Here, too, we find the two main areas of metaphysic: ontology and theology, scientific world consideration and mere sensual speculation.
IV. Appropriate and Inappropriate Metaphysic: The Relationship of Philosophical Ontology, Religion and Speculation
Something like metaphysic -- in the course of the further cultural development of humanity, later, perhaps, under a different term -- will always be engaged in, since the aim of this development lies both out in the open and in the dark. With an increasing knowledge of themselves and of the world, humans will also change their thinking with respect to the assumptions that ontology and philosophy are trying to arrive at, with respect to the nature of man and the world. At present, we are particularly experiencing this in science's encroaching upon philosophy, with science even trying to make us believe that brain research will be able to replace philosophy; on the other hand, we can also see that such firmly held beliefs as the impossibility that epigenetically acquired capabilities and traits can be inherited are losing ground. At the same time, we have lost our former implicit understanding of being tied to the meso-cosmic universe, ever since, from the beginning of the 20th century, with Planck and Einstein, the abstract and difficult concept of microcosm as well as the theory of relativity in the macrocosm, have far surpassed general human comprehension. In my next presentation entitled "From Thales to Einstein", I shall try to discuss this matter in more detail.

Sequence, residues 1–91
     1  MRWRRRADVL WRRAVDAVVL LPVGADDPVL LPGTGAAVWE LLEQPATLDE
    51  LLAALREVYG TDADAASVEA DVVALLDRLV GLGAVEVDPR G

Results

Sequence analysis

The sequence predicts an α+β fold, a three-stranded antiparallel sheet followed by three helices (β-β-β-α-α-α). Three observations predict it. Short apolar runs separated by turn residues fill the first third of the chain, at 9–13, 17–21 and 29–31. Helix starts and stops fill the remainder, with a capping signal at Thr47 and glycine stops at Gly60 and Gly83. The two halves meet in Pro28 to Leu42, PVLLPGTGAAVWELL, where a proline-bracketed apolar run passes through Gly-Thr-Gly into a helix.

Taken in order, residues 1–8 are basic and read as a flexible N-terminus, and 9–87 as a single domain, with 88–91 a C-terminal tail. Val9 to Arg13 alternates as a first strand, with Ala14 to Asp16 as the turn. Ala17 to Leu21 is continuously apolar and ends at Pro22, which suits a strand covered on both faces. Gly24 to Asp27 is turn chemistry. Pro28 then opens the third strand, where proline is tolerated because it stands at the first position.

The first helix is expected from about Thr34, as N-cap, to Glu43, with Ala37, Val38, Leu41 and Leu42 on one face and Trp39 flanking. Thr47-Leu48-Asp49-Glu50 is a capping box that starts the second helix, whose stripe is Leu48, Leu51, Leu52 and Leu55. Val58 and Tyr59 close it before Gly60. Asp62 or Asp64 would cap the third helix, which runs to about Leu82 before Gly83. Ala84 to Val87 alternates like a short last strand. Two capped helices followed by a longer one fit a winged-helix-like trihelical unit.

Therefore, there will always exist some form of appropriate metaphysic, in the context of which the basic relationship of man and the world will be comprehended and described; in most modern philosophical concepts, from analytical philosophy to critical rationalism, this is not doubted. With respect to this, it will be crucial whether, through abstraction and reflection, thinkers will be able to extract structures from the existing in an appropriate manner or whether our fantasy will have invented such assumptions without any basis in reality. The path of the development of the human mind is strewn with such fables from religion and philosophy, particularly also Plato's Concept of Ideas from the beginning of metaphysic, in which the thought structures that were found took on a life of their own and grew into the "One Divine Principle" and led to Monotheism. At the same time, all laws of nature also owe their emergence to this thought process -- we are not calling them "laws" by accident that would imply a "law maker" ...